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Aadab from across the border part - II

posted Jan 11, 2014, 8:24 AM by Jalandhari Kom   [ updated Jan 11, 2014, 8:28 AM ]
Continued from Part I.
For Part I - Click Here :

Old Picture - India Camel
We have received beautiful memories letter from “Sheikh Muhammad Sarwar” who is a Jalandhari but had to leave his ancestral place during horrible time of partition. He has compiled his memories in a very touching letter to us. These letters not only contain his memories, These also contain a very important piece of Jalandhar history. The good times. bad times, changed times. Please help by posting comments below or emailing admin@jalandhari.com  if you can add or help him in any other ways. We will be posting these memories in few parts. Here is first part:

My Father: Barkat Ali (age in 1947; about 38)

He worked in Sind province on a bridge project, as surveyor. He was a tracer also and could draw maps. He liked music, as I saw him attending music and qawalies and he had also a harmonium at home fitted in a folding table but I never saw him playing it. Other people from this Basti (Danishmandan), also worked on the Sind project (Sukkhur barrage?).

At time of partition, he was working as manager at Bombay Brass Works Co., Adampur, Jalandhar; manufacturing charcoal heated Irons, silver utensils for kitchen, water nozzles. Nickel plating. He walked to and from his job. He used to go to Lahore (now in Pakistan) to get import export permits. 

He used to bring some fruit for us on his return from work. Family used to have dinner together.  After dinner almost all parent would come out of their houses and sit outside; doing some gupshup, watch children play for an hour before going to bed.

My father, a very loving care taker of family, used to take us for eye/ ear problems, to a Hindu karyana storekeeper; Lala  Lal Parshad as I remember.  He took us to another Hindu shopkeeper Ram Chand running karyana store and making syrups and arqs (evaporation from herbs boiling in a pot). He gave us Jawarish Kamuni (for throat) and syrup for stomachache; other things for such minor ailments.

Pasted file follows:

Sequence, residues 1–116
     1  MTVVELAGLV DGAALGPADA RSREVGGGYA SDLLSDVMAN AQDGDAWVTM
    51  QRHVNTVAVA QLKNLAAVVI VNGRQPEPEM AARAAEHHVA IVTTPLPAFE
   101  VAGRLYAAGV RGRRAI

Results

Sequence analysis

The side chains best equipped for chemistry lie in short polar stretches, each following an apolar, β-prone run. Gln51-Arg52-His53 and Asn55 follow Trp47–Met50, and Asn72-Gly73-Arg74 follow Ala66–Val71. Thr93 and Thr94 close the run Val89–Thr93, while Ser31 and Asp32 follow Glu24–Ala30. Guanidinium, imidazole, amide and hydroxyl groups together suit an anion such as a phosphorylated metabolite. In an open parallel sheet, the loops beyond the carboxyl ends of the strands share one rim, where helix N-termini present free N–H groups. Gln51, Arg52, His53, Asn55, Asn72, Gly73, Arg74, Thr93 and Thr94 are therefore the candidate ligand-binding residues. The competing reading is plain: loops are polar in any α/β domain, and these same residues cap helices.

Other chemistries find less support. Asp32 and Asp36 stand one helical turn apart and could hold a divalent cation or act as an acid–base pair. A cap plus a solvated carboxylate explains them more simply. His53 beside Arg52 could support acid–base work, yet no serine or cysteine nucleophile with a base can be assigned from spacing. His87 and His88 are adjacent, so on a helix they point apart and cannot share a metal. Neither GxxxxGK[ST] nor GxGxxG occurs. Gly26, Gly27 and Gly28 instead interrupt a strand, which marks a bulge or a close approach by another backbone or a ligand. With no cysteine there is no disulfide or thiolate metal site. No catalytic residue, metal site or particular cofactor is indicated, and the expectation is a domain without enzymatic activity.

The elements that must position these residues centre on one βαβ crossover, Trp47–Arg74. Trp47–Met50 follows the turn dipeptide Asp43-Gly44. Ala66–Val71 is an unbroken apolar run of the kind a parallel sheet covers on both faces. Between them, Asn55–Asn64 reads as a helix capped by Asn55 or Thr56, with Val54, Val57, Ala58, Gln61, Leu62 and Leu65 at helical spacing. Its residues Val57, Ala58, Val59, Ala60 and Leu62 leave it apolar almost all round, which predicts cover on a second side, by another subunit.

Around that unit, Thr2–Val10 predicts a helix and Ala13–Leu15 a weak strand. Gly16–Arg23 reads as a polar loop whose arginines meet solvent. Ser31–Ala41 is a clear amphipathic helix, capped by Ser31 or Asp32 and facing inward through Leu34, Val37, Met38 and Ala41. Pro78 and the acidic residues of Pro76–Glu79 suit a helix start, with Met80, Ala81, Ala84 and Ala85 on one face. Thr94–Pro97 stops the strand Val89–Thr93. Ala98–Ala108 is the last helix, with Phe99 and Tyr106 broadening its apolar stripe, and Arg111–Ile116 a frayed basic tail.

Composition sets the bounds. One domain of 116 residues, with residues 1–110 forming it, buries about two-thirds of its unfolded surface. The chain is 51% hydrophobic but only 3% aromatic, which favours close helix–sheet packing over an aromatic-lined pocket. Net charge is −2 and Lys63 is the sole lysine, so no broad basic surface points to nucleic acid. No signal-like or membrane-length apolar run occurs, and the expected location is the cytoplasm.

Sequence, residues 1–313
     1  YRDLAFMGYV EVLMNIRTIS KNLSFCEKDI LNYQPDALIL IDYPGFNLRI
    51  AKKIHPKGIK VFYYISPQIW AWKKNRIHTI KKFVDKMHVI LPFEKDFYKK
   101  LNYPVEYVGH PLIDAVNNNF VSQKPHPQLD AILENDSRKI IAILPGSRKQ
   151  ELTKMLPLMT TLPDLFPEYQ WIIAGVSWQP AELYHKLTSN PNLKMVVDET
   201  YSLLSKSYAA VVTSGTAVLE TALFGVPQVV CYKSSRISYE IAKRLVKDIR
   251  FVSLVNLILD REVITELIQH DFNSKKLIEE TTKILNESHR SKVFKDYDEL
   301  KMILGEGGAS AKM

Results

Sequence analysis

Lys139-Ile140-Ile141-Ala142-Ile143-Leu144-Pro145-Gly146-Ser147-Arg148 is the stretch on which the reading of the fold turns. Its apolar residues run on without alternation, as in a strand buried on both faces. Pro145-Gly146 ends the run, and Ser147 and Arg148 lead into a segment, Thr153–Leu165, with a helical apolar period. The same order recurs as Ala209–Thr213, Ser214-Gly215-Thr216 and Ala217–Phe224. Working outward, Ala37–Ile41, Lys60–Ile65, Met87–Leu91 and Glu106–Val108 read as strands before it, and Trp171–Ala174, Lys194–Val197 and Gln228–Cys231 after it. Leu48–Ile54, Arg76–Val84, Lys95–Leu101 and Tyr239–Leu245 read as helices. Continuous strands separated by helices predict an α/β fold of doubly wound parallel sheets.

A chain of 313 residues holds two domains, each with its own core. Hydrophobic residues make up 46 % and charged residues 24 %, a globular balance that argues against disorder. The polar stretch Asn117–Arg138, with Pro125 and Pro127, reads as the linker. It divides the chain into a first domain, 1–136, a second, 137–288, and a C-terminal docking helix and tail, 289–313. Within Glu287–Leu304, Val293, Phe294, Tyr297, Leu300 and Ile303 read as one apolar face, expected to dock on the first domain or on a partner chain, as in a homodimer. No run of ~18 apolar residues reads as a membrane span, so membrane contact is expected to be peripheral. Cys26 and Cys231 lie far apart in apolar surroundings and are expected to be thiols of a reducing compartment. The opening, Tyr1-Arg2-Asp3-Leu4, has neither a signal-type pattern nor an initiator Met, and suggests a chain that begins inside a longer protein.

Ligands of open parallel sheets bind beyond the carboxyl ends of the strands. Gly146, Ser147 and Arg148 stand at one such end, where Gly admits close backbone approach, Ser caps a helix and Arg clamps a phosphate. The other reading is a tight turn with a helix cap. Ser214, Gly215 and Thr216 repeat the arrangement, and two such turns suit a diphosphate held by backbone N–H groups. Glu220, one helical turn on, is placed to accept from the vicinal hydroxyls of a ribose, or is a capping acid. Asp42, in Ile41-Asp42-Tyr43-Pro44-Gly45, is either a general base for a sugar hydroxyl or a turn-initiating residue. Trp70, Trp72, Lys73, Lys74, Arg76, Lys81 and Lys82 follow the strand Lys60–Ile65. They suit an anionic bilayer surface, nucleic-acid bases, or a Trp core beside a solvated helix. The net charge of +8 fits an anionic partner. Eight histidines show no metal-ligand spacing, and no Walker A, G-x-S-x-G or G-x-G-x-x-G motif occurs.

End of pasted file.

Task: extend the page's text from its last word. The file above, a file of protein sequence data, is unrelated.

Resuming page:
My father used to prepare some medicines at home; like secretion from silver – (put silver in one clay bowl and cover it with another same size clay bowl – seal both of them with doughed flour) burn about ten pounds of firewood or other fuel like: paathi. The silver would melt into powder; blow up and stick inside the upper bowl.  Scratch it; save it for use.  He used to secrete oil from almonds (Badam rogan or Almond oil) I used to help him with crushing, grinding almonds in a clay/stone large bowl (called koondi – chipped inside) with a thick wooden handle (called Dandah) – He used to spray warm water few drops after few minutes and kept grinding; finally oil will separate itself from the almonds paste. This almond oil was given us in warm milk. He always asked to take a copy of warm milk at bedtime to keep good sleep.

He made some other medicines and I don’t know what which? Published a small catalog/book named “Ramuz-i-Zindgi” – Uncle Ahmad Shah was helping him and I also helped in folding large sheets into catalog size.  As much as a child could do. I remember, he gave name as Barkat Ali Sindhu as author of this book. Sindhu – he came back from the Sindh Bridge project and due to this project word “Sindh” was then a renowned word – he took benefit of this flying popularity.

My father used take children to Eid/Dusehra/Basakhi/Devali – organized in an open space between basti danishmandan and basti sheikh. These was commonly enjoyed by all sects of society.  Sometime, during heavy rains, this open space was filled with knee high water.

He used to take me to Jalandhar city for text and exercise books; visit shrine of Imam Nasir.  Once he took me to a movie ShahJehan (before partition). I was scared when horses were seen running-towards audience.  Songs were, I believe, sung by Mohan Lal Sehgal.

Ours was a single storey house with a water well in it and a big NEEM tree. We had a swing fixed with it. There were two honey bee combs; one very large (bari makki) hanging from a stem of neem and the other small (chhoti makki) on a wall.
We kept a cow in house; as other people also had, some had buffaloes, for healthy milk, butter and lassi (butter milk). My phuphy/sister Zohra and myself helped mother to churn curds/yugard, take out butter and lassi – these were so much nourishing

Whenever we went to buy a cow from a closeby village (don’t know name) he took me with him. On way he used to recite this:

Translation: “Allah (Alone) is Sufficient for us, and He is the Best Disposer of affairs (for us);  what an Excellent Maula (Patron, Lord) and what an Excellent Helper! “

He used to check how much milk we draw in the evening and how much in the morning. He preferred to see quantity of milk drawn in the evening; so that, if it was not drawn, quantity would be larger in the morning – giving misunderstanding about the total milk during one day.
To be Contd……..